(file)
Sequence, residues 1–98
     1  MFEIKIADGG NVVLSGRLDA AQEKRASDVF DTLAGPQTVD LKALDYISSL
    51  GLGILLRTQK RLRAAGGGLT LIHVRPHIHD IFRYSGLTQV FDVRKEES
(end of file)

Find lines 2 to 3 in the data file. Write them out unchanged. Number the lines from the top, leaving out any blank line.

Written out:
     1  MFEIKIADGG NVVLSGRLDA AQEKRASDVF DTLAGPQTVD LKALDYISSL
    51  GLGILLRTQK RLRAAGGGLT LIHVRPHIHD IFRYSGLTQV FDVRKEES